The incremental backups (Only differential in this case, since it is SIMPLE recovery mode) will record changes made since the last full backup. These will grow over time, and only shrink down after a full backup collects up the older changes. Where to keep these backups can be a challenge, if you don't actually have a tape subsystem to store them on.

    Challenges during the restore can be just as entertaining. The restoration will take however long to copy the dat from the source tot he destination (same as the backup), but will add the recovery of the database for that period (remember that the transaction log was kept for this purpose). The restore of the database could take (depending on how hard and fast the changes come in) up to two days, but more likely somewhere on the order of a day and a half. Here, I am assuming that "down all day" really translates to "down all business day".

    If the DBA says that the database can be down for up to 5 days, then someone has told him that is how much the company values this data. No DBA can make that decision on his or her own. The DBA should be able to lay out options along with their approximate costs, benefits, and risks to the data. The business people have to pick which option they are going to pay for. Even if it is not always a hard dollar cost.

  6. #6
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    Your co-worker has been "drinking the SAN cool-aid" a bit too long. The SAN vendor would like you to buy their tools and software (which is fair, that's why they're in business). There is no need to pause the database in any way, shape, or form in order to get a backup... If the backup is done right, it will have no impact whatsoever on the end user. The users will literally never be able to tell if a backup is running or has been run without help from a DBA.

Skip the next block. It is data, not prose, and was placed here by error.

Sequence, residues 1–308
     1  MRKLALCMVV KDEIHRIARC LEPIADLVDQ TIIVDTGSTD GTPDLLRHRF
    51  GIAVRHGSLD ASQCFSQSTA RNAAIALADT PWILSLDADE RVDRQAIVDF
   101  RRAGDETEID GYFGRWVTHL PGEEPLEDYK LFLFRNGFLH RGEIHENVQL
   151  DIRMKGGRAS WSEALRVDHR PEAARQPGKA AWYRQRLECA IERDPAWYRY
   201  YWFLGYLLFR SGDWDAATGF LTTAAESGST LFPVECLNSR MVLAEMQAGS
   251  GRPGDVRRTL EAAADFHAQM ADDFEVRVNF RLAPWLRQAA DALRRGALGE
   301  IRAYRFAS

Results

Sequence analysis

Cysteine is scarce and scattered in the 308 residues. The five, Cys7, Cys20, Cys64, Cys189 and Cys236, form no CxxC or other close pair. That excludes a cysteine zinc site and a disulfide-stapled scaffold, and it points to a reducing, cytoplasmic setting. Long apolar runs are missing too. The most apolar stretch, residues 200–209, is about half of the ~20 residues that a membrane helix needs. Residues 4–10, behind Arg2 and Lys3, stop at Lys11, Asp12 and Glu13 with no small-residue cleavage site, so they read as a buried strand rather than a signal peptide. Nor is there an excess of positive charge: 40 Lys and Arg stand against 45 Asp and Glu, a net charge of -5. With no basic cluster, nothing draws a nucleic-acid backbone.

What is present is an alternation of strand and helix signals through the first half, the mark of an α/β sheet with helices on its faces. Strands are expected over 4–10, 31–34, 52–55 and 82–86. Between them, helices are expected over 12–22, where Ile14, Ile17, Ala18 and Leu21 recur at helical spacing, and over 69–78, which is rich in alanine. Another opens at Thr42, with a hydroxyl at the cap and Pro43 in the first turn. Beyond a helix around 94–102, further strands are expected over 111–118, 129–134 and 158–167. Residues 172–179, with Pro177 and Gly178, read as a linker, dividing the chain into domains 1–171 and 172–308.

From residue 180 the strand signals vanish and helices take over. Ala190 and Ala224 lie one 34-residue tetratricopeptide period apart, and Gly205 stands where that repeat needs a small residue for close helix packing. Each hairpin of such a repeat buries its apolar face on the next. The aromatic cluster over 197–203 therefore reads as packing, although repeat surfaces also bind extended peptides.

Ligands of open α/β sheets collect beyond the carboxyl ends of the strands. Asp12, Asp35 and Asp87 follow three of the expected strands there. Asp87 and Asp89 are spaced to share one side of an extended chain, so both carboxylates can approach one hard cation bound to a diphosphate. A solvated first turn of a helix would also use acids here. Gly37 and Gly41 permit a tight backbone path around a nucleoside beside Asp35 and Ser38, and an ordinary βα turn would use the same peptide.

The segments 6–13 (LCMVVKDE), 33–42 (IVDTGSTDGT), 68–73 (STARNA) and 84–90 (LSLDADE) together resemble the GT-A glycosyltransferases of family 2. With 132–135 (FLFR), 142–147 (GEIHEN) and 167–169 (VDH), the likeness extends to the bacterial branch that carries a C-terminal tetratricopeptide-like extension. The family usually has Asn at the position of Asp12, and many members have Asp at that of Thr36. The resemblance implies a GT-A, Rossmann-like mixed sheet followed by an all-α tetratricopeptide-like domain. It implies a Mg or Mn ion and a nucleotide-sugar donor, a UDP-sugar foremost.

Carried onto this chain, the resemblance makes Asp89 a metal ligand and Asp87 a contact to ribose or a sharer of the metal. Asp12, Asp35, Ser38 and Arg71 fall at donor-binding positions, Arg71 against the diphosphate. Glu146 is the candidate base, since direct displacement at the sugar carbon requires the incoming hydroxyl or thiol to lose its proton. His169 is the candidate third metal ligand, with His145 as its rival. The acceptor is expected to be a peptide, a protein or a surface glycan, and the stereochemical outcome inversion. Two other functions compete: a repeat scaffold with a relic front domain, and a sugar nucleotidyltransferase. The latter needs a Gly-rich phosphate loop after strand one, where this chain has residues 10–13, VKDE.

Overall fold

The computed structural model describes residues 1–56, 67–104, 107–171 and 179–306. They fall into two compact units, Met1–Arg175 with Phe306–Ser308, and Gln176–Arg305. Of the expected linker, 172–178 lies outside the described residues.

At 1500 GB, your database is big enough to justify one of the high speed backup tools that do compression of the resulting backup file. I have a VERY STRONG bias towards LiteSpeed, for many reasons. There are a number of products that vie for second place, including Red Gate and Embarcadero.

    Using the basic backup tools provided with SQL Server can backup databases that size, but using the third party tools make it easier to do any backup, and far easier to create a backup plan that makes restores both fast and simple (which tends to make them more successful)!

    -PatP
    In theory, theory and practice are identical. In practice, theory and practice are unrelated.

  7. #7
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    I don't have a strong bias, but we use Red Gate and (in the main) are very happy with it. And it is built by Britains, not some work shy American layabouts.
    Testimonial:
    pootle flump
    ur codings are working excelent.

  8. #8
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    Red Gate has a good product that is a strong contender for second best. It is definitely the least expensive of the "high end" backup tools. Their support has been very lackluster for me (I speak English as my primary language), but they get the job done if you have sufficient patience (which I usually don't where restores are concerned).

    If Red Gate's backup/restore product had been built by the team the originally built the SQL Server backup and restore engine, then it would certainly be a candidate for the best "third-party" backup tool.

    -PatP
    In theory, theory and practice are identical. In practice, theory and practice are unrelated.